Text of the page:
Snakes in the Grass Understanding Contractors Risk Management and
Shared by: rha19995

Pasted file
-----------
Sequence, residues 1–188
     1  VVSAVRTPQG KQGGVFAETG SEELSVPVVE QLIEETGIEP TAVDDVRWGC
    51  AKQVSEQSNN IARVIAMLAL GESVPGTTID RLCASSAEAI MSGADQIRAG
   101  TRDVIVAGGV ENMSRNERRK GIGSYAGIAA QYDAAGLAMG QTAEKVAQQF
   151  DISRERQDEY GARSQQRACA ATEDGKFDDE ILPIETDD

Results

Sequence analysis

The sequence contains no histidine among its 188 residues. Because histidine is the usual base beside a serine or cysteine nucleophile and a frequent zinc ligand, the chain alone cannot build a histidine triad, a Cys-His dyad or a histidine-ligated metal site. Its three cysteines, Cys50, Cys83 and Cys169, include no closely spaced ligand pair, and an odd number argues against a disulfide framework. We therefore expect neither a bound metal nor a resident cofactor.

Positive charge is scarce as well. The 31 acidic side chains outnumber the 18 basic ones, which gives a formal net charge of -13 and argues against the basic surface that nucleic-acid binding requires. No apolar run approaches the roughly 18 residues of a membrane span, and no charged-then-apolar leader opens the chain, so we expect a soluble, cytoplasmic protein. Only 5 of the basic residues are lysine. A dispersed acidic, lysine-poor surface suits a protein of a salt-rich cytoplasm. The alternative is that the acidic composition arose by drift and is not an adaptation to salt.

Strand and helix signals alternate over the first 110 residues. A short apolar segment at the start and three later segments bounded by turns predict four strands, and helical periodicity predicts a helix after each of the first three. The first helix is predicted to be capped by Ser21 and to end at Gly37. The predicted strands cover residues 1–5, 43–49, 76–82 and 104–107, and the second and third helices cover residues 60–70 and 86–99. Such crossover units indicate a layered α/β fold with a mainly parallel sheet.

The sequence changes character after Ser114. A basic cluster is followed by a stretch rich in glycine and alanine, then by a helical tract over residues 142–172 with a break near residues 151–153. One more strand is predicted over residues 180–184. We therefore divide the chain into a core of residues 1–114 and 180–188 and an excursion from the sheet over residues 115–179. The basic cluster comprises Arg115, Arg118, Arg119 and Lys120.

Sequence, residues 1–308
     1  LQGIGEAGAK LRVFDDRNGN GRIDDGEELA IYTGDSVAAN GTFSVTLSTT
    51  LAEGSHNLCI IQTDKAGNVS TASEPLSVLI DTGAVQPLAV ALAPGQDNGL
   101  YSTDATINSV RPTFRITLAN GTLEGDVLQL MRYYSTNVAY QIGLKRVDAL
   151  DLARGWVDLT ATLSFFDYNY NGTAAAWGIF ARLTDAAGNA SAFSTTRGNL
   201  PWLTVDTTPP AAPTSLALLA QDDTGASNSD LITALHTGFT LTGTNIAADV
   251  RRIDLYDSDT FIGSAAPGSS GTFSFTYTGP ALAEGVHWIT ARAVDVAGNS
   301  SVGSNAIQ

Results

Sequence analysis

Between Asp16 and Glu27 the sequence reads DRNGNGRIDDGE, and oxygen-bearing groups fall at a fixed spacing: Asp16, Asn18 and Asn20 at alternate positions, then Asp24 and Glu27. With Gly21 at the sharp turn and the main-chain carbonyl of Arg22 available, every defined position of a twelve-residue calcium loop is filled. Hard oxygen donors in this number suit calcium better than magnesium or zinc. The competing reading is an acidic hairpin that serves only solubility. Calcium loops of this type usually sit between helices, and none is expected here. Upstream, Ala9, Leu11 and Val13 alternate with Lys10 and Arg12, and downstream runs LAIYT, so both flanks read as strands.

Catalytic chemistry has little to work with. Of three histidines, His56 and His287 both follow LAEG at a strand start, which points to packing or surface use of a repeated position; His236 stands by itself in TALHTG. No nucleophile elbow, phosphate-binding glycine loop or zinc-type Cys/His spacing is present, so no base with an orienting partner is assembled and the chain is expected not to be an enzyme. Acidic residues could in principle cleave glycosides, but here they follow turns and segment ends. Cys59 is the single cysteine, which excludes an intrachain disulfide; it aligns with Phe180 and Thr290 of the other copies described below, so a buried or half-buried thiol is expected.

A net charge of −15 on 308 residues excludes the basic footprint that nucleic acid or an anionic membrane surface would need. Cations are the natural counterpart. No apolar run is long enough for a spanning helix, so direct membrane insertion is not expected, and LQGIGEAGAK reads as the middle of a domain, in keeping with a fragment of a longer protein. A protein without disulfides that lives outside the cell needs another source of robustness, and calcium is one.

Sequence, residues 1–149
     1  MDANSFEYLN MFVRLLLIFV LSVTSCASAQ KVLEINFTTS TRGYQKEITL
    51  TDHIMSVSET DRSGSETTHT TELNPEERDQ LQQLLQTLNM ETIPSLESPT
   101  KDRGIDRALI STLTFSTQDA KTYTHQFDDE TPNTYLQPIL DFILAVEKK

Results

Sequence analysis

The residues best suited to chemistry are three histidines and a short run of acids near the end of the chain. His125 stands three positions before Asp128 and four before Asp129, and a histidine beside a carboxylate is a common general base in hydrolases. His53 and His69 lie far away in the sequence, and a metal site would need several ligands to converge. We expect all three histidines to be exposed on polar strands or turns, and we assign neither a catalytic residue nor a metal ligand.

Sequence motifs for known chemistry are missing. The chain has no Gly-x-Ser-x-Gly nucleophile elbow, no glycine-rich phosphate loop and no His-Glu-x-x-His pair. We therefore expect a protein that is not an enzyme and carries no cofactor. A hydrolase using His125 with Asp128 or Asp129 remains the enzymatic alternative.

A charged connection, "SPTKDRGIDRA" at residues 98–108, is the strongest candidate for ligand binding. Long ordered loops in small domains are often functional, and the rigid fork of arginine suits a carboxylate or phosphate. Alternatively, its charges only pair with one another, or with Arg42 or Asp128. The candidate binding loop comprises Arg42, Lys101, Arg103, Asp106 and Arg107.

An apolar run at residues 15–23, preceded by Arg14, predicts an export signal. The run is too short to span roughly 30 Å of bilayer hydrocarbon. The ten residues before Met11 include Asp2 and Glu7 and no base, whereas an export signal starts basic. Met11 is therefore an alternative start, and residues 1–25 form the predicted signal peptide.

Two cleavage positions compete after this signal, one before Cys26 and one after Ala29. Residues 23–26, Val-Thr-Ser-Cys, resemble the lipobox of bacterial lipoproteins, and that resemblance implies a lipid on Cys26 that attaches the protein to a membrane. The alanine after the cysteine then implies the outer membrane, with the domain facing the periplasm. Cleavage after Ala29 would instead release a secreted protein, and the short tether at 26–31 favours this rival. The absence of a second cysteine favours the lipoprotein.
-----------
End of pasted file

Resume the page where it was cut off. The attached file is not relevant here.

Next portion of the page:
Snakes in the Grass Understanding Contractors Risk Management and Insurance Michael J. O’Neill, CPCU, ARM James M. Shay, ARM, CRIS American Contractors Insurance Group, Inc. Snakes in the Grass Introduction • In today’s presentation I am going to explore some of the hidden risks for contractors. • Provide details of an effective Risk Management and Insurance Program. Snakes in the Grass 1. Contractual Risk 2. Construction Delivery Methods 3. Risk Transfer 4. General Liability Risks 5. Owner Controlled Insurance Programs 6. Joint Ventures 7. Umbrella Liability 8. Professional Liability 9. Pollution Liability Contractual Risk • Contractor and Surety’s perspective – Contract provisions, clauses and conditions be reasonable and bondable. • Owner attempts to expand liabilities to include “Killer Provisions”. • This is true of insurance risks as well, whether specified in the Prime Contract or inherent in the Contractor’s program design. Risk Management and Insurance • Most important goals of risk management are to: – Protect the assets, and – Financial viability of the company – Minimize the cost of risk – Retain only those risks the contractor can reasonably control or finance – Know when to say “No” Risk Management and Insurance • Construction industry recognizes the relationship between risk management and sustained profits. • Risk management requires “beyond the edge” thinking. • Managing risk has evolved from a one-time a year insurance bidding process into a serious profit initiative. • Managing risk will boost profits, reduce costs and change the way contractors compete. Risk Management and Insurance • Every project faces a full spectrum of risk. • The level, depth and scope of those risks vary by the context and content of the project. Risk Management and Insurance RISK MANAGEMENT versus INSURANCE MANAGEMENT RISK MANAGEMENT INSURANCE MANAGEMENT • Active/Initiative • Reactive • Dynamic • Passive • Risk/protection oriented • Security oriented • Financially/analytically • Administratively oriented oriented • Seeks safety • Seeks responsibility • Narrow in scope • Curious/Creative • Responsive to others • Must be involved in the • May be involved or may rely construction activity of the on others company • Broad Based – includes multiple disciplines Breadth of Risk Management RISKS • Strategic risks • Program design • Risk financing • Safety management • Operating risks • Quality assurance • Claims cost management • Information/communication • Financial risks systems • Risk allocation methods • Services • Information risks • Risk assumption/transfer • Risk costs recovery • Benchmarking • Management practices Risk Management and Insurance Risk Matrix Construction Delivery Systems I. Traditional General Contracting Construction Delivery Systems I. Traditional General Contracting Characteristics 1. Single source of construction responsibility 2. Presumed checks and balances between A/E and contractor 3. Less construction risk for owner 4. Simple and objective selection process 5. Less administration required by owner 6. Owner and contractor's interests are not aligned 7. Lack of contractor input in design phase of project 8. Loss of fast-track ability, which increases cost 9. Design risk for owner is more 10. Risk of "unknown subcontractors" Pure “Agency” CM with Single General Contractor Construction Delivery Systems II. Construction Management Characteristics 1. As defined 2. Various forms: a. Agency CM b. "At Risk" CM 3. Team relationship 4. Construction input during design phase 5. Early construction start, reduce schedule Construction Delivery Systems II. Construction Management Characteristics 6. Savings to owner 7. Pure agency CM 8. Fast tracking 9. Eliminates duplication of Construction Manager/GC's services or costs 10. Potential conflict of interest between CM's role as owner's advisor Pure “Agency” CM with Multiple Prime Contractors Pure “Agency” CM The process by which a qualified General Contracting Firm is retained as Construction Manager by an Owner to furnish services in connection with the administration of the contract throughout the planning, design and construction phases of a project. The Construction Manager is generally authorized by the Owner to: 1. Act on behalf of that Owner with respect to contract matters, including overview of the design and construction phases of the project 2. Transact business on behalf of that Owner 3. Render an account of its activities The actual construction work is performed by others under direct contract to the Owner. The Construction Manager is typically not responsible for construction means and methods nor does he guarantee construction cost, time or quality aspects of the project. “At Risk” CM with Trade Contractors “At Risk” CM The process by which a qualified general contracting firm is retained as Construction Manager by an owner to provide advice and construction leadership on a project during the planning and design phases and to provide construction leadership, contract management, direction, supervision, coordination, and control of the work during the construction phase. The actual construction work is performed by trade contractors under contract to the Construction Manager. The Construction Manager is responsible for construction means and methods and delivery of the completed work within the Owner's objective of cost, time and quality. Construction Delivery Systems III. Design-Build Construction Delivery Systems III. Design-Build Characteristics 1. A single source of responsibility for design and construction 2. Providing all services necessary to design and construct a facility or structure 3. Guaranteed max price 4. Valuable input by A/E and contractor from beginning to end 5. Reduced time to complete 6. Potential savings back to owner Construction Delivery Systems III. Design-Build Characteristics 7. Reduced claims - by 30% or more for professional liability 8. Loss of checks and balances 9. Difficult and costly selection process 10. Limited flexibility 11. Competitive bid advantages can be retained 12. Owner loses control over project and becomes sole watchdog Risk Transfer Illustration Risk Financing Illustration CG 20 10 11 85 - “Liability Arising out of Your Work” • One hurdle - “Your Work” • No trigger of negligence • Includes completed operations • Broadest form around – was widely used and is still quoted as a requirement CG 20 10 10 93 – “Liability Arising out of Your Ongoing Operations” • One hurdle - “Your Ongoing Operations” • No trigger of negligence • No completed operations • Widely provided CG 20 10 10 01 / CG 20 37 10 01 • Forms often used together • Provides ongoing operations on 20 10 • Provides completed operations on the 20 37 CG 20 10 07 04 / CG 20 37 07 04 • Similar to 10 01 forms above for grant of coverage • Provides ongoing operations on 20 10 • Provides completed operations on the 20 37 • Requires showing that liability was “caused” by the subcontractor Risk Transfer 4. Additional Insured Goals for General Contractors • Primary risk transfer mechanism • Quick resolution of defense/indemnity obligations The CGL Policy • CGL policy provides the insured with protection against legal liability imposed by violations in tort. • May include violations of the: – Insured – Insureds employees – Others Tort Liability • Tort - civil wrong, other than a breach of contract, for which the law provides monetary damages as a possible remedy. • In order for a tort to occur, there must be an unjustified breach of a legal duty causing direct damage. • Intentional and unintentional tort. – Assault and Battery – Slip and Fall Policy Limits • CGL policy will pay on behalf of the insured for: – damages up to the policy limits – defense and investigate cost in addition to the policy limits; and – certain supplementary payments. CGL - Coverage Requirements • Insured must be legally liable to pay damages to a third party. • Occurrence of injuries or damage for which the insured is legally liable. • Compliance of the insured with various provisions of the policy, e.g., payment of premium, reports events that may lead to claims. • Triggering event must take place. CGL - Policy is Design to Cover • Tort Liability • Contractual Liability • Independent Contractor Liability • On-going Operations • Completed Operations CGL - Policy 1. Damage to Property Exclusions A. Found in policy as Coverage A, Exclusion J (see handout). B. Major issues for contractors. CGL - Policy 1. Damage to Property Exclusions A. Alienated premises. B. Loaned property. C. Care, custody or control. D. That particular part. E. Faulty workmanship. CGL - Policy 2. Damage to Your Work - Found in the policy as Coverage A, Exclusion L. “Property damage” to “your work” arising out of it or any part of it and included in the “products- completed operations hazard.” This exclusion does not apply if the damaged work or the work out of which the damage arises was performed on your behalf by a subcontractor. CGL - Policy 2. Damage to Your Work – This exclusion precludes coverage for property damage to the named insured’s work after it has been completed, arising out of the work or any part of it. – By specific exception, the exclusion does not apply if the work that is damaged or that causes the damage was done on behalf of the named insured by a subcontractor. CGL - Policy 2. Damage to Your Work By virtue of the subcontractor exception, the insured has coverage, despite Exclusion I., with respect to the following exposures. – Property damage to work performed by the insured when the damage results from the work of the insured’s subcontractor. – Property damage to work performed by the insured’s subcontractor when the damage results from that subcontractor’s work. CGL - Policy 2. Damage to Your Work – Property damage to work performed by the insured’s subcontractor when the damage results from work performed by the insured. – Property damage to work performed by the insured’s subcontractor when the damage results from the work of another contractor or subcontractor. CGL - Policy Damage to Work • Look out for a CG 22 94 (10-01) exclusion that removes the subcontractor exception. CGL - Policy 3. Common Exclusions for Contractors A. Mold, fungi or bacteria exclusion - CG 2167 (12 04) (see handout). 1. Dramatic increase in the number of claims. 2. Likely to be added to general contractors policies. CGL - Policy 3. Common Exclusions for Contractors B. Silica or Silica Related Dust Exclusion 1. Silicon dioxide, tiny, airborne crystals, occur naturally in soil and has an ingredient in construction material including: – Bricks – Concrete – Asphalt CGL - Policy 3. Common Exclusions for Contractors 2. Insurance industry wary of the exposure. 3. Silica or Silica Related Dust Exclusion CG 2196 (03 05). CGL - Policy 3. Common Exclusions for Contractors C. Subsidence or Earth Movement 1. Marked increase in the use of subsidence exclusion for: – General Contractor – Excavation Contractors – Grading Contractor 2. California is a target state, but many underwriters apply nationwide. 3. No Standard Form Exclusion. 4. Sample Exclusion. CGL - Policy Subsidence Exclusion • In consideration of the premium charged, it is hereby understood and agreed that liability for bodily injury or property damage caused by, resulting from, attributable to or contributed to, or aggravated by the subsidence of land as a result of landslide, mudflow, earth sinking or shifting, resulting from operations of the Named Insured or any other subcontractor of the Named Insured is excluded. CGL - Policy 3. Common Exclusions for Contractors D. Residential Exclusions 1. Some insurers are unwilling to cover any form of residential construction. 2. Carve out the residential coverage via an exclusion. 3. No coverage under the GC’s policy. 4. No coverage under the subs policy if it contains a residential exclusion. CGL - Policy Residential Operations Definition • Underwriter’s definition of residential - “all single or multi family housing properties including apartments, custom single family homes, tract housing, condominiums, town houses, military housing, school dormitories, retirement communities and nursing homes.” CGL - Policy Residential Operations Definition • Sample Definition (more favorable/narrow) – The term “residential construction” shall mean the construction or renovation of any “for-sale” unit, including single or multi-family homes, condominiums, row-houses or town-homes. It does not include apartment buildings, assist living facilities (unless units are made available for sale to individuals), hotel construction, dormitory housing, military housing or other habitational dwellings that are not made available for sale to individuals. CGL - Policy 3. Common Exclusions for Contractors E. Exterior Insulation and Finish Systems (EIFS) 1. EIFS gained attention due to moisture intrusion. 2. Faulty installation allowed water to penetrate the walls. 3. Trapped moisture produced wood rot and mold. 4. Insurance industry migrated to the ISO EIFS Exclusion CG 21 86. 5. Many manuscript EIFS exclusions are used by underwriters. OCIP’s Owner Controlled Insurance Program (OCIP’s) • If you are working under a OCIP, the owner will want you to provide a credit for the general liability premiums since they are providing the coverage. • The OCIP will provide the general and umbrella liability for ongoing operations and for a specified period for completed operations. • Practice policy will exclude the project by attaching an endorsement CG 21 54 (01 96). OCIP’s Owner Controlled Insurance Program (OCIP’s) Six Snakes • Limits shared by ALL insured parties, and between multiple projects. • Short completed operations tail, less than the statute of repose. • Self-insured retention (SIR). • Mid-term non-renewal. • Mid-term cancellation. • Bankruptcy/liquidation of Insurer (non-admitted). OCIP’s Limits Exposure Beyond the Limits in the OCIP OCIP $25,000,000 Limits Shared per occurrence by and aggregate All Parties OCIP’s Coverage Standard Broadened Coverage Coverage OCIP Coverage DIC Coverage OCIP’s Completed Operations Short Tail OCIP Contractor OCIP 3 Year Completed Ongoing Completed Operations to Operations Operations the Statute 2007 2009 2012 2019 OCIP’s Owner Controlled Insurance Program (OCIP’s) Possible Solutions • Modify the contractors general liability policy to provide coverage excess of the OCIP’s limits. • Modify the contractor’s general liability policy to provide Difference in Conditions - effectively wrapping around the OCIP general liability coverage. • Modify the contractor general liability policy to provide completed operations coverage once the OCIP’s coverage is terminated. • Escrow account for SIR obligation. • Contract remedy for insufficiency of limits, program cancellation, non-renewal or insurer liquidation. Joint Ventures, Partnerships and Limited Liability Companies A. Joint ventures are routinely used on construction projects for a number of reasons. 1. Surety credit. 2. Reduced risk. 3. Out of market projects. 4. Skill set needs. Joint Ventures, Partnerships and Limited Liability Companies • The ISO CGL policy excludes joint ventures, partnerships or LLC’s, unless named on the policy. Joint Ventures, Partnerships and Limited Liability Companies Active Projects • Coverage for active joint ventures, partnerships and LLC’s are typically provided by a separate general liability policy for ongoing operations. • Coverage can be arranged with existing insurers on existing programs. Joint Ventures, Partnerships and Limited Liability Companies Past Projects • Coverage for past joint ventures, partnerships or LLC’s can be provided by endorsement to the contractor’s general liability policy. – Blanket Completed Operations – Coverage is excess over any other policy covering the joint venture, partnership or LLC • Watch change in renewal terms with regard to joint ventures. • Many CGL and Excess policies require that each is scheduled by endorsement. Policy Limits A. Owner insurance requirements will specify the minimum limits of liability. B. These minimum limits do not cap the contractors exposure. C. Request for per project policy limits - CG 25 03 (03 97) (see handout). Umbrella Liability Two Roles of Umbrellas 1. Provide catastrophe coverage on a per occurrence basis. 2. Provide drop down coverage once the underlying policy limits are exhausted by payment of claims. Umbrella Liability • Covers multiple lines of coverage. – General Liability – Auto Liability – Employers Liability Liability • True umbrella forms included coverage for losses not covered by the underlying policies. • There is no standard umbrella liability form. Each insurer develops their policy form and there are major differences amongst the insurers. Umbrella Liability Limits $25,000,000 Umbrella $2,000,000 $2,000,000 General Liability Auto Liability $1,000,000 EL Liability Umbrella Liability • In many cases, the umbrella provides less coverage than the primary policies. • Contractors limitations endorsement are different from carrier to carrier. • Key exposures to review: – Professional Liability – OCIP’s – Joint Ventures, Partnerships and LLC’s Umbrella Liability • The recent trend in the umbrella liability market is to reduce coverage and not provide “broader than primary” coverage. • Following form coverage is also not readily available in the market. • Non-drop down over eroded aggregate with broader primary policy. Umbrella Liability Drop Down Provisions • There is no standard industry umbrella policy form. • Drop down provisions recognize a reduction in an underlying policy’s aggregate limit and how it applies to the reduced or exhausted limits. Umbrella Liability Two Most Common Provisions 1. Drop down on terms of umbrella. a. If underlying policy is broader than the umbrella results in a reduction of coverage. b. If underlying policy is narrower than the umbrella results in an expansion of coverage. Umbrella Liability 2. Drop down on terms of underlying policy. a. Terms and conditions of the underlying policy govern coverage. b. Favorable if the underlying policy is broader than the umbrella. Umbrella Liability Quick Checklist of Exclusions • Mold • Terrorism • EIFS • Construction Defects • Damage to Your Work • Professional Liability • Joint Ventures, Partnerships and LLC’s • OCIP’s • Additional Insured Professional Liability A. The standard ISO CGL policy does not contain a professional liability exclusion. B. Underwriters routinely will add an exclusion to the policy of contractor. C. Note: The CGL policy does not provide “Economic Loss” coverage. Professional Liability Possible Solutions • Professional liability under the general liability policy. – Add CG 22 79 07 98. – To provide coverage for “means, method” techniques…in your capacity as a contractor. Professional Liability • Add CG 22 80 07 98. • Professional liability exclusion with an exception for “your operations in connection with construction work by you or on your behalf.” Contractors Professional Liability Key Issues • Coverage Form – Claims-made – Retro active date • Insuring Agreement – Pay on behalf (preferred) – Indemnity • Legal Standard – Negligence not a condition of coverage (preferred) – Negligence is a condition of coverage Contractors Professional Liability Key Issues • Duty to defend – Duty to defend all covered claims (preferred) – Duty to defend where deductible has been met – No duty to defend Contractors Professional Liability Key Issues • Policy territory – Worldwide (preferred) – U.S., its possessions and Canada • Person Insured – Named insured and spouse – Joint venture • Blanket coverage (preferred) • As named – Officers, directors and employees – Former employees, partners Contractors Professional Liability Key Issues • Limits of liability – Per claim limit $5,000,000 – Aggregate limit $5,000,000 • Defense – Covered outside the limit (preferred) – Covered inside the limit • Services – Performed by insured – Performed by others (subconsultant on insureds behalf) (recommend for all general contractors) Contractors Pollution Liability • Since the general liability policy is not designed to provide coverage for pollution conditions arising out of a contractor operations, many contractors purchase a separate contractors pollution liability policy. • There is no standard contractors pollution liability policy. Each insurer has their own unique manuscript policy form. Contractors Pollution Liability Key Issues • Who is insured? – Contractor – Newly acquired or formed organizations – Joint ventures • Named joint ventures only • Blanket joint ventures (preferred) – Executive officers, stockholders and employees Contractors Pollution Liability Policy Limit • Each pollution incident $5,000,000 • Annual aggregate $5,000,000 • Defense inside or outside the limit. (Preferred approach is outside the limit.) Contractors Pollution Liability Coverage Trigger • Occurrence (preferred) • Claims-made • Sudden and accidental only Contractors Pollution Liability Coverage Territory • Anywhere in the world (preferred) • U.S., its territories and Canada Contractors Pollution Liability Covered Operations • Blanket coverage (preferred) • Designated activities • Subcontractors operations on insured behalf (recommend for all general contractors) • Remediation operations • Completed operations Contractors Pollution Liability Covered Damages • Bodily injury and property damage – Damage to the work during construction, after construction • Loss of use of damaged property • Clean-up costs • Contractual liability • Fines and penalties • Specific coverage for mold (recommend for all general contractors) Contractors Pollution Liability Covered Damages • Asbestos • Lead • Auto, watercraft, aircraft or rolling stock • Underground storage tanks • Off-site disposal of waste Contractor Deductible and SIRs L.O.B. Per Occurrence Aggregate W/C $250,000 $1,650,000 G/L $250,000 $1,750,000 A/L $250,000 $750,000 Builders Risk $25,000 No cap Hurricane 2% of Values No cap Flood 2% of Values No cap Earthquake 5% of Values No cap Professional $100,000 $300,000 Pollution $100,000 $200,000 Summary • Contractual risks are expanding. • Contractors liability policies contain many exclusions and limitations. • Contractors are retaining more risk. • Income statement and balance sheet under pressure. Enjoy the remainder of the NASBP Conference!